Nepal: A Paradigm Shift – OpEd


The German jurist, Hans J. Morgenthau once said, “ International politics like all politics, is a struggle for power”. This very struggle for power, quite evidently, has disembogued into Kathmandu’s foreign policy and has culminated into a paradigm shift when observed through the lens of Neorealism. This paradigm shift in Nepal’s foreign policy is quite evident from how the country rejected the plan for a State Partnership Program (SSP) with the United States in the eleventh hour. This conspicuous shift seen in the  policy of Nepal , will surely leave tremors that could transmute the geopolitical landscape of the region. Therefore, it is necessary for Nepal to keep its policy of non-alignment in check while maintaining a state of equilibrium with not only the US, but China and India as well.

Kathmandu’s foreign affairs have always been subjected by regional politics. This holds true for the initial reluctance shown for ratifying the Millennium Challenge Compact (MCC) and then later straight out repudiating the SSP. The SSP can be seen as a bilateral program with ostensibly peaceful goals on surface by giving the US military a legitimate entry in to the country. However in hindsight, it is believed to have well-defined military goals in retrospect of Nepal’s relations with its two major neighbors, China and India, as well as its internal security. It is for this very reason The Sher Bahadur Deuba administration rejected the initiative out of concern that it is a ruse to enlist Nepal in a military alliance opposed to China.

This shift in Nepal’s foreign is a result of a myriad of factors that has been governing the Deuba administration’s foreign outlook. Perhaps the most cardinal reason for this can be seen in the form of security implications for Nepal, if the US was allowed to enter in the country. If this agreement was signed, Nepal would have been subjected to an internal turmoil further fueled by fear and resentment as the SPP has seen quite a lot of opposition from within. Moreover, parties and institutions opposing the SSP could possibly run amok too, creating a palpable sense of fear in the country. This was quite evident when the Nepal army stepped in on June 15, asserting that it will not accept the program. Therefore, allowing the US military is tantamount to bringing bedlam within the country.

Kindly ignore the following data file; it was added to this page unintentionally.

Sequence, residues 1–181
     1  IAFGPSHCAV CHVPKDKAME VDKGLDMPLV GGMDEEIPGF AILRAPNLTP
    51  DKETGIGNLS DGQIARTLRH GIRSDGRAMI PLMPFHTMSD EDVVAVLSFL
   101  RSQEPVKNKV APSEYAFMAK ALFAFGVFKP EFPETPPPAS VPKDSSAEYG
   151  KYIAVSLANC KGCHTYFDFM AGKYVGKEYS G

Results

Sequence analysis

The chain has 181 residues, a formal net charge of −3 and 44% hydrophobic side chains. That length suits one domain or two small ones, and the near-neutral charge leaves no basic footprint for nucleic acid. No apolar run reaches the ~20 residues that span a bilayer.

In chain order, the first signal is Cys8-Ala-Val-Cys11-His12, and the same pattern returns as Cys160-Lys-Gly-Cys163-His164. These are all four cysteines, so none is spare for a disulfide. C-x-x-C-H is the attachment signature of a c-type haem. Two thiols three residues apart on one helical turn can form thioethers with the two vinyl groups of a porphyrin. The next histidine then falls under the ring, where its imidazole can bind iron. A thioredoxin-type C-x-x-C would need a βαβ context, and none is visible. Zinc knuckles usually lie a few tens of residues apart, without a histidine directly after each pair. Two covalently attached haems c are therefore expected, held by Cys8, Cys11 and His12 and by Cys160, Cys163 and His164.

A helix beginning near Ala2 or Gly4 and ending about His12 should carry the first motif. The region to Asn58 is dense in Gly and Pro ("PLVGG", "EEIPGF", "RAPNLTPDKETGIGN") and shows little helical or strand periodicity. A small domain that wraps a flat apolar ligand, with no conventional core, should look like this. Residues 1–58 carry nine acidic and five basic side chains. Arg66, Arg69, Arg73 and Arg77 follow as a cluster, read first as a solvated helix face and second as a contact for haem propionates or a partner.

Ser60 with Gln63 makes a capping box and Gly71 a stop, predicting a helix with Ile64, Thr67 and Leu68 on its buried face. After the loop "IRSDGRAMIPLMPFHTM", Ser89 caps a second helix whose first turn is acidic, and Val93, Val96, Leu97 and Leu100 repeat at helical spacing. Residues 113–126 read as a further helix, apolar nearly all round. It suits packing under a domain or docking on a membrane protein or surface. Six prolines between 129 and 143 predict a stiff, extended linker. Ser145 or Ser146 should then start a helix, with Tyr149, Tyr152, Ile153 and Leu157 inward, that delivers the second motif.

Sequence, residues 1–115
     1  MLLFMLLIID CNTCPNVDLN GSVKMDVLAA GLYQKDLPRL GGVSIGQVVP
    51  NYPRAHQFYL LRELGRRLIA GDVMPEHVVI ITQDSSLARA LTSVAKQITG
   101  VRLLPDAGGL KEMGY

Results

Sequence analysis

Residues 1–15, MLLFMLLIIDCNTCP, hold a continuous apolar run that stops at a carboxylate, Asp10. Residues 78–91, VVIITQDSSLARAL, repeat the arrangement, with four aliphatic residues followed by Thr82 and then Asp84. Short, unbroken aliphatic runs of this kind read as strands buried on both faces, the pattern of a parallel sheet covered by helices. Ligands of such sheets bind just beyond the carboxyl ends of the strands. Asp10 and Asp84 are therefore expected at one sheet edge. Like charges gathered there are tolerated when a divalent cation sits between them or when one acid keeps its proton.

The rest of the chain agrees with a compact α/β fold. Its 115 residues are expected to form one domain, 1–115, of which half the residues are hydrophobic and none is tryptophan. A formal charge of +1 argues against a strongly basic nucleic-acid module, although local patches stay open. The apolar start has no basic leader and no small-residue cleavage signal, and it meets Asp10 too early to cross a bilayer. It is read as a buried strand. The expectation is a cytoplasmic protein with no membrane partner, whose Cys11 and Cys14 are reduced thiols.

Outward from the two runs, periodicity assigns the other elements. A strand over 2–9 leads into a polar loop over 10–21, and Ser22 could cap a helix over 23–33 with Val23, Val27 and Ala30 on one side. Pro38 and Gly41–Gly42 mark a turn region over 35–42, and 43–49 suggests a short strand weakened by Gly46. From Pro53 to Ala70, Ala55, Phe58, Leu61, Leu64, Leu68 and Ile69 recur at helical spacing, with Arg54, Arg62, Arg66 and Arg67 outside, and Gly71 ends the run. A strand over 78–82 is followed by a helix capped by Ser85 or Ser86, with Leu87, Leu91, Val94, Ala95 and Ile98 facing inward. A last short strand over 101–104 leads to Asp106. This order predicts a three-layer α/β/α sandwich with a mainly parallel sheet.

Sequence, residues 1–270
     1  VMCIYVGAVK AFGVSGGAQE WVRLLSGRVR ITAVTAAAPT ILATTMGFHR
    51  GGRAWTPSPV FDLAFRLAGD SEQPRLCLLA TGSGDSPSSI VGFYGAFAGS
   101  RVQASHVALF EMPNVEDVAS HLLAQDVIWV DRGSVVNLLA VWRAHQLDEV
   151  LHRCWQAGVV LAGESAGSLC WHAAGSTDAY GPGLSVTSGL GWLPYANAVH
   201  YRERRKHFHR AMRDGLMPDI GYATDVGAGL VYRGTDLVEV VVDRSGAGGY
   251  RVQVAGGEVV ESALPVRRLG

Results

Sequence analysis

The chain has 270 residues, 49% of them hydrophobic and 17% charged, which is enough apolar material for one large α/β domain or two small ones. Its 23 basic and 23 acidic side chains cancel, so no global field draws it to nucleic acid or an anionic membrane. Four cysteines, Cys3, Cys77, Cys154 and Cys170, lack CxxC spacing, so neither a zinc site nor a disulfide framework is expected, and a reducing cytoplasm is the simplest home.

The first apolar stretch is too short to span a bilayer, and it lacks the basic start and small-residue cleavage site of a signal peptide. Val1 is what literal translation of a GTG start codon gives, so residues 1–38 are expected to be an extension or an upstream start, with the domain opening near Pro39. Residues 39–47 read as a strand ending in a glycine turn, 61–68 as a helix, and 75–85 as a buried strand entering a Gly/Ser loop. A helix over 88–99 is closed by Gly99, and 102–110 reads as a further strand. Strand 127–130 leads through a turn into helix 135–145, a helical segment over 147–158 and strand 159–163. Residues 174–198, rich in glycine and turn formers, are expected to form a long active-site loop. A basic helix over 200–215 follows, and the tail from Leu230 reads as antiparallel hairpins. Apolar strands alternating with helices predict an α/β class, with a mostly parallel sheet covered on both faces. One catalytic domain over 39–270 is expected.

The security repercussions by allowing the US military on Nepal’s soil does not only confine to internal but also external threats too in the form of deteriorating relations with China. From a geopolitical perspective, China is Nepal’s direct neighbor and her rivalry with the United States is quite a conspicuous affair. Moreover, allowing the US in, could have led to a strategic choking of China creating a state of impasse with in the whole region, therefore further straining the Sino-Nepal relations. One such example of this can be seen when the US Deputy Secretary of State Zeya Ujra visiting a Tibetan refugee camp in Nepal. Henceforth, it is quite evident that the SPP could in turn become an anti-China military alliance.

Being sandwiched between two nuclear powers, Nepal has always been adjusting its foreign affairs in order to strike a balance in its relations with not only the US but also India and China. It has always deemed necessary for Kathmandu to never tip the weight of the scale in one or the other’s favor. Being a small nation with not a strong military when juxtaposed with China, it is necessary for a smaller nation to have cordial ties with its strong nation instead of creating an environment for a casus belli. A good example can be seen in the shape of the Russo-Ukraine conflict. Therefore, Nepal can can learn from the example of the Ukraine that upsetting a strong neighbor can place any smaller nation in a precarious position.

A shift in Nepal’s foreign policy is also necessary on the economic forefront aswell. Keeping friendly ties with China has always been the way forward as the country has always been heavily dependent on imported goods from China. This dependence on China for everyday goods is an integral reason why the relations with China can not be strained. The fiscal year of 2020 saw Nepal importing in excess of 233 billion NPR. This economic dependency therefore, sheds light on the plight of the country were it to sign the SPP.

Moreover, it is also evident how over the years, China has mostly peaked in foreign direct investment (FDI) pledges to Nepal in many recent fiscal years. These increasing investment pledges from Chinese companies has been seen in a plethora of areas such as cement, hydropower and even tourism. The first five months of the year 2022 saw an influx of about 200,000 tourists in China. This shows that China is an integral subject for the foreign policy of Nepal.

Moving forward, it is important for the Deuba administration to find a way to not only ease out the dwindling relations with China but also try to be on friendlier terms with the US. This can be possible if Nepal maintains its policy of non-alliance and bring neutrality on the table when it comes to dealing with US or China. It is also imperative for the foreign ministry to formulate policies concerning the US and China to be as non-partisan as possible.

Salis Malik is a freelance journalist and columnist based in Islamabad. He can be reached on Facebook @salismalik7777

Leave a Reply

Your email address will not be published. Required fields are marked *